Statement by Ambassador Motohide Yoshikawa
Permanent Representative of Japan to the United Nations
At the Debate on the Situation in Afghanistan
March 17, 2014
I wish to thank Special Representative Mr. Kubiš for his comprehensive briefing. I also thank Ambassador Tanin for his statement.
I would first like to express my deepest condolences to the government and people of Afghanistan for the great loss of their First Vice President, Marshal Fahim. His exceptional contribution to the reconstruction of Afghanistan will be remembered.
To address the Security Council on the situation of Afghanistan gives me a special gratification, because I have been personally involved in Japan’s efforts towards helping create stability and development of this beautiful country since 1990’s, and in particular since the Tokyo International Conference on Afghanistan held in January 2002.
Japan welcomes today’s adoption of the resolution to renew the UNAMA’s mandate for another twelve months. In this time of uncertainty, the continuous presence of UNAMA is crucial. I would like to emphasize also the importance of ensuring adequate resourcing for UNAMA to efficiently support Afghanistan towards its peace and stability.
The 2014 is a year of historical significance for the people of Afghanistan, as the withdrawal of the International Security Assistance Force (ISAF) will be completed as well as the country will experience the election of its second President.
Today, I would like to touch upon, first, on the elections, second, on challenges that must be addressed by the future government, and finally, on Japan’s commitment to Afghanistan.
First, on the elections. For the long-term stability of Afghanistan, it is of utmost importance that the upcoming Presidential and Provincial elections lend strong legitimacy to the government through a credible and inclusive election process. I reiterate the importance of holding the election without delay on April 5th according to the Afghan Constitution. In this regard, I commend the tireless efforts of the government and the electoral management bodies of Afghanistan for keeping the technical preparations on track. Japan has made financial contributions through UNDP to make a positive impact on the electoral process. I call on all eligible citizens of Afghanistan to participate in this election of crucial importance to decide their own future.
Second, I would like to touch upon what we would like to see from Afghanistan, in particular from the future government, which takes over the responsibilities of President Karzai to lead the country toward long term stability.
On this subject, I welcome the participation of the presidential candidates at the Special Joint Coordination and Monitoring Board meeting which was held on January 29. Since all the candidates have been actively present in the political life of Afghanistan since 2001, I am confident that they all understand very well the spirit of partnership which exists between the Afghan government and the international community. Even so, it was important for us to know that the candidates recognize their responsibilities to implement the commitments under the Tokyo Mutual Accountability Framework (TMAF).
Ensuring economic stability is a matter of urgency for the government of Afghanistan. In order to achieve this goal, the new government will have to immediately grapple with a variety of legislative and institutional reforms necessary for increasing annual revenue, reducing the rapidly expanding illicit economy, and developing industry. We look forward to seeing tangible results before the ministerial meeting to be co-hosted by Afghanistan and the United Kingdom.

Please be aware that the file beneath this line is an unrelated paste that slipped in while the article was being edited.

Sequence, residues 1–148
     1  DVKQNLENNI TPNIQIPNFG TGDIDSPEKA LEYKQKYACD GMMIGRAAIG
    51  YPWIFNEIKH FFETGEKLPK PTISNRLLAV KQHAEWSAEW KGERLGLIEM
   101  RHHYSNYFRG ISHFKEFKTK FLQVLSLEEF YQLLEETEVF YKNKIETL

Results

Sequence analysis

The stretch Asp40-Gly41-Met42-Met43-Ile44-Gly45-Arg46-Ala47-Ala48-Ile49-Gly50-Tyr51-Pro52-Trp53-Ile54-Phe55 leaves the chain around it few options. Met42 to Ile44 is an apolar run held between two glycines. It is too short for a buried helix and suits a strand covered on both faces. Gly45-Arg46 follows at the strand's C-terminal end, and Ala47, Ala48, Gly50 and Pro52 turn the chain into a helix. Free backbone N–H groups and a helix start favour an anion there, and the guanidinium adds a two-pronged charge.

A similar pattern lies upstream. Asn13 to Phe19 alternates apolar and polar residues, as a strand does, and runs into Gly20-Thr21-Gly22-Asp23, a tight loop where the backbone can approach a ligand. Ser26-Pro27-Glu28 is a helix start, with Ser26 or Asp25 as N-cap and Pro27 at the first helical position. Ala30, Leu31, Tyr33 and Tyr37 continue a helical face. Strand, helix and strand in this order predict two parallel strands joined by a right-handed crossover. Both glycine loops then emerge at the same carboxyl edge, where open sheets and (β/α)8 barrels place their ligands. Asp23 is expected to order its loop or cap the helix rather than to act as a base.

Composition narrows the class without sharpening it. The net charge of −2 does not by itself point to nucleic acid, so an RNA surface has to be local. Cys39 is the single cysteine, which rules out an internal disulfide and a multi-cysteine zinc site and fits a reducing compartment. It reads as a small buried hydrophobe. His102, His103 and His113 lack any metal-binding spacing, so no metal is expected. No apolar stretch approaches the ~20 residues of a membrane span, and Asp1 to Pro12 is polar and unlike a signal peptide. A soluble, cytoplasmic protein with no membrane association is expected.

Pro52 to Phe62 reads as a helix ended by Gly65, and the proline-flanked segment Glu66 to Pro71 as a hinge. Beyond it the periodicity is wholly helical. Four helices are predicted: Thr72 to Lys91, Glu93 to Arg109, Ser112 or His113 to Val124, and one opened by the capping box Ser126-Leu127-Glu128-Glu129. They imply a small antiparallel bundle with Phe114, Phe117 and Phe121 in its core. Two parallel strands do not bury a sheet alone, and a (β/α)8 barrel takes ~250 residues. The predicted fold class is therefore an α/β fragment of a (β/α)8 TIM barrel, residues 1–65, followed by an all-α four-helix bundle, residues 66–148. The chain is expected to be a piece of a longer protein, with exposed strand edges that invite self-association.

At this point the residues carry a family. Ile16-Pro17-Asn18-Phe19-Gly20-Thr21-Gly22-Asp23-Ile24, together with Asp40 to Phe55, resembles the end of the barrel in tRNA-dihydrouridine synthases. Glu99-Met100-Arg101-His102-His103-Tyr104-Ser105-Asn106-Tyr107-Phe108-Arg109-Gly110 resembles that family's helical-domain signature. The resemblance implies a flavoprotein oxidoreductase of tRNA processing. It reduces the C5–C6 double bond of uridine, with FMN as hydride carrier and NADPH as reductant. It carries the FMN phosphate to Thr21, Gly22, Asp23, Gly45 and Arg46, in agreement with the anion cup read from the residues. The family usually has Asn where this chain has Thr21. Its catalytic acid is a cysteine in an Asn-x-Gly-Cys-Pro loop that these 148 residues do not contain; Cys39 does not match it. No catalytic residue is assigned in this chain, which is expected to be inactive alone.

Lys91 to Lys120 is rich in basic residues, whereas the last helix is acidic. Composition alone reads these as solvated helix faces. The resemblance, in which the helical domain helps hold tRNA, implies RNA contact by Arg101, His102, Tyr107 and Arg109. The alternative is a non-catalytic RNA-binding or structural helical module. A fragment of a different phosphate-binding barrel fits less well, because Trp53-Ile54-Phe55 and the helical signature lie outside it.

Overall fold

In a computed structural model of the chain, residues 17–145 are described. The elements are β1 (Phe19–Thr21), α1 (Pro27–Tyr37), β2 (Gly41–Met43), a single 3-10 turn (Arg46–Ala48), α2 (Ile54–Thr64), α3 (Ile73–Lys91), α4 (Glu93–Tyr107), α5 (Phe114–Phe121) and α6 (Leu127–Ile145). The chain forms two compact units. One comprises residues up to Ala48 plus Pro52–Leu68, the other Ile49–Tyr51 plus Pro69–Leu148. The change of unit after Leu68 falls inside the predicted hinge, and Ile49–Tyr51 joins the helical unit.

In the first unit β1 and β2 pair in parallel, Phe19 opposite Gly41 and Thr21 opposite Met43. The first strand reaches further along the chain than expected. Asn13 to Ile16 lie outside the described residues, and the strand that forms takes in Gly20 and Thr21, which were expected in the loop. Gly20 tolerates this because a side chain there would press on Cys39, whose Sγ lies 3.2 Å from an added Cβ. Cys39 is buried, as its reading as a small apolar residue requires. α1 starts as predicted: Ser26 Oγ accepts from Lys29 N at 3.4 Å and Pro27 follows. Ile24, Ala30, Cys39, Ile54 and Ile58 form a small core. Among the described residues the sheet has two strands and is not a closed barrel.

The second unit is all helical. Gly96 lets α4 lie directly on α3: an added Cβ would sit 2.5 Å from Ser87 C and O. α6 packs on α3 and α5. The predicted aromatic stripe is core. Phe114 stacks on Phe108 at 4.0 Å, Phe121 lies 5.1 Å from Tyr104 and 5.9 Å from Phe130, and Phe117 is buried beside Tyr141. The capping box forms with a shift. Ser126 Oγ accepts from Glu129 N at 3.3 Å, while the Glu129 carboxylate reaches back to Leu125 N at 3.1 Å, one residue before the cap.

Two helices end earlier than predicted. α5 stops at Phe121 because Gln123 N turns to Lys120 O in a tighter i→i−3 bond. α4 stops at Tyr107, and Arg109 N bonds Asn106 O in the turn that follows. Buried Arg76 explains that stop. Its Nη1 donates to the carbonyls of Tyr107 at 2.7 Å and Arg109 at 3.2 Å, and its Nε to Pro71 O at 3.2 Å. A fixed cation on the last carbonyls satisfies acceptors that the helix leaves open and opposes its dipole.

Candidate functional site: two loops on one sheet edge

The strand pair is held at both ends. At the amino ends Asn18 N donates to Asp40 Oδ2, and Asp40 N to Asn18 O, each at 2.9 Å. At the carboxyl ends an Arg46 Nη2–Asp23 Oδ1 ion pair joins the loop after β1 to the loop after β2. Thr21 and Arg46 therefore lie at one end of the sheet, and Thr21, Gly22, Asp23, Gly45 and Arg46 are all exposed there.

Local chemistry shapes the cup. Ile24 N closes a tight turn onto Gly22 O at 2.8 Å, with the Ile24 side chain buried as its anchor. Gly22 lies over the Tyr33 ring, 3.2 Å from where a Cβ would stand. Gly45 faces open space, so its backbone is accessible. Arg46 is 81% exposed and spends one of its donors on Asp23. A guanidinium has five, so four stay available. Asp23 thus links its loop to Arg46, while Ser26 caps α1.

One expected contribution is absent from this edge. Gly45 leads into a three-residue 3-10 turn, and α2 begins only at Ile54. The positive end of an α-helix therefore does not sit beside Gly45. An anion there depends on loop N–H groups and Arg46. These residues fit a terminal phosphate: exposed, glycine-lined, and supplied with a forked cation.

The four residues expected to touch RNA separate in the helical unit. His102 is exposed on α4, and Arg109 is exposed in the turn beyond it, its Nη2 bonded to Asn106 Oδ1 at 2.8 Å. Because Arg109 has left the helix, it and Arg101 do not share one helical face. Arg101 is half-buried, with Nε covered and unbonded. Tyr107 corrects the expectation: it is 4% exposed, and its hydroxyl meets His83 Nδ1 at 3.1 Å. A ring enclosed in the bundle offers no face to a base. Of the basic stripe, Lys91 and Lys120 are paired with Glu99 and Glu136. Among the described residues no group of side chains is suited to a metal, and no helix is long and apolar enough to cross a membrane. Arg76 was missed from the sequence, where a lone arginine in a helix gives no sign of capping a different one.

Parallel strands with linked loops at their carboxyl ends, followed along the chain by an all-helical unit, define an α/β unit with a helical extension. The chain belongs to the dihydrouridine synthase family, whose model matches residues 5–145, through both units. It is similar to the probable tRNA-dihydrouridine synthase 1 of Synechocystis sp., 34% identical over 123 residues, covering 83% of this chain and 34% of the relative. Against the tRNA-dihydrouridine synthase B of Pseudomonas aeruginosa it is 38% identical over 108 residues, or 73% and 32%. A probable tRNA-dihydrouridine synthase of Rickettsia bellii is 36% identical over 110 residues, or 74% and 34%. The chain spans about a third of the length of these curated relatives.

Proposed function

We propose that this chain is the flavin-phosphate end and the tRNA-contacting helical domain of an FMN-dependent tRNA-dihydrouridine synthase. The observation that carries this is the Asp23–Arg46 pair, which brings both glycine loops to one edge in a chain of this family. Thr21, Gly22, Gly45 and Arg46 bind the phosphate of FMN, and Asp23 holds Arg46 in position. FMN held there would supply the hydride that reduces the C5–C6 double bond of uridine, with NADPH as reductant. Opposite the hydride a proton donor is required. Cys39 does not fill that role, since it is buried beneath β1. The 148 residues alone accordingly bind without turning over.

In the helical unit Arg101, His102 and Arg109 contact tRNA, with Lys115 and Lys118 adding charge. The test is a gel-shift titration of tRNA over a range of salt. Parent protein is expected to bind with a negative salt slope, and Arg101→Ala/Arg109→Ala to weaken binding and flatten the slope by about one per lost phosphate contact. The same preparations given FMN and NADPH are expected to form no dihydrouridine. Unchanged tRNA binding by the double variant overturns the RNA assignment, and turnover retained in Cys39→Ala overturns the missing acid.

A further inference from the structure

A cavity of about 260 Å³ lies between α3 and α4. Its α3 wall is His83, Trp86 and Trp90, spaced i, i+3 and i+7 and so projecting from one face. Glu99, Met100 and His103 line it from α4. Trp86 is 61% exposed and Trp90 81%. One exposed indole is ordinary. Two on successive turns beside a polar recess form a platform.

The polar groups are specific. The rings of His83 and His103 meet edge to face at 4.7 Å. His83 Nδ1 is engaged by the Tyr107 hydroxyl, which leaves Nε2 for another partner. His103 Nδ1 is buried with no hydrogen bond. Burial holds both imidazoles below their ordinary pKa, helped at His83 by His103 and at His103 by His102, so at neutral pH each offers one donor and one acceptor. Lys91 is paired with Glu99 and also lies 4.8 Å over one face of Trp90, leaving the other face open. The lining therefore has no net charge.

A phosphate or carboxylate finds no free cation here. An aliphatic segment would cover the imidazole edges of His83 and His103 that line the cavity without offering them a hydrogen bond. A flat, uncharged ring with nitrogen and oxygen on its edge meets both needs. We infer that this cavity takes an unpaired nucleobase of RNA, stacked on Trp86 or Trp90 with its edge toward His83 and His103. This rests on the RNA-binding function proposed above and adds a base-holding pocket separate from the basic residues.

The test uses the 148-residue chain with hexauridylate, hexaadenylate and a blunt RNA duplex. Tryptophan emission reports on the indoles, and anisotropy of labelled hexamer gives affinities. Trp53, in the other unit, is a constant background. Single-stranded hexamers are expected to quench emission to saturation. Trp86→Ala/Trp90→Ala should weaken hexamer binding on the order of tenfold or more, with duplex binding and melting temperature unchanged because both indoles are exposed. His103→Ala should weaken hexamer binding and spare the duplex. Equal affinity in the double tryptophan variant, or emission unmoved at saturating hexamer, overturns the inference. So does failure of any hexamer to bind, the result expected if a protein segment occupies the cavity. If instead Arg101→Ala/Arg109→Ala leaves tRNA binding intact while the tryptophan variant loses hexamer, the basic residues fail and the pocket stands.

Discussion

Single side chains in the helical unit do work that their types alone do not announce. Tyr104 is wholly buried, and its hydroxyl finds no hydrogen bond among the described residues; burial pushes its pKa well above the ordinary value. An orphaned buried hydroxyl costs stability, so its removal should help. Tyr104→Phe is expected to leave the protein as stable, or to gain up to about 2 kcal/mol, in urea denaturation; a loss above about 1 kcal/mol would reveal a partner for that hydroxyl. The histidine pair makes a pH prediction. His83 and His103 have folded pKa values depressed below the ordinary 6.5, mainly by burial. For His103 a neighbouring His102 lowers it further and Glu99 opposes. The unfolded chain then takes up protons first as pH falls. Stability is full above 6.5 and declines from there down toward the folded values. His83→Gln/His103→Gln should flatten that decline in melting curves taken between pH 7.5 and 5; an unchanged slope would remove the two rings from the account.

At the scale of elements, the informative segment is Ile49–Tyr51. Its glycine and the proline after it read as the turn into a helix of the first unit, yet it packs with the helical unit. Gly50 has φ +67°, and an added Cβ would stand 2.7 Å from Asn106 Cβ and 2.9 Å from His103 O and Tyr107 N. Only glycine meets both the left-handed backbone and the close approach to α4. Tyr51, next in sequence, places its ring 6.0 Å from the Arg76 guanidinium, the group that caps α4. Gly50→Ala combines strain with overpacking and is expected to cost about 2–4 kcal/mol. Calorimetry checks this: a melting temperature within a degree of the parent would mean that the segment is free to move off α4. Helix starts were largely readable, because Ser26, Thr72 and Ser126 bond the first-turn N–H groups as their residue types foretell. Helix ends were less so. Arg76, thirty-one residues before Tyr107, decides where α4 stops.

Further, recognizing that reconciliation is the only way to achieve lasting peace in Afghanistan, the future government must continue to call on the Taliban to join the peace process. Japan supports the Afghan led peace and reconciliation process. For lasting peace and stability of Afghanistan, continuous efforts by the leadership of Afghanistan as well as constructive engagement of neighboring countries are indispensable. The increased dialogue between Afghanistan and neighboring countries, including Pakistan, is encouraging in this regard.
Concerning the security situation, we witnessed in 2013 a sharp increase in insurgent attacks and civilian casualties. Further deterioration of the security situation will inevitably have a negative impact not only on Afghanistan’s economic and social activities, but also on implementation of our assistance policy. Security is also vital to encourage the full participation of all eligible voters, especially female voters, in the upcoming elections. One of the most crucial responsibilities of the Afghan government is to continue building up the capacity of the Afghan National Security Force, as well as ensuring the necessary security arrangements in close cooperation with its international partners.
Finally, let me say a few words on Japan’s commitment to Afghanistan.
Since January 2002, when we hosted the International Conference on Reconstruction Assistance to Afghanistan in Tokyo, we have contributed, to this day, more than 5 billion dollars to Afghanistan for its developments efforts. Japan’s contribution covers a wide range of areas. For example, we have provided approximately 30 percent of the total salary of the Afghan National Police, and built or renovated more than 820 schools all over the country.
I would like to conclude by reaffirming Japan’s commitment to stand by the government and people of Afghanistan in their endeavors for long-term stability.
I thank you, Madam President.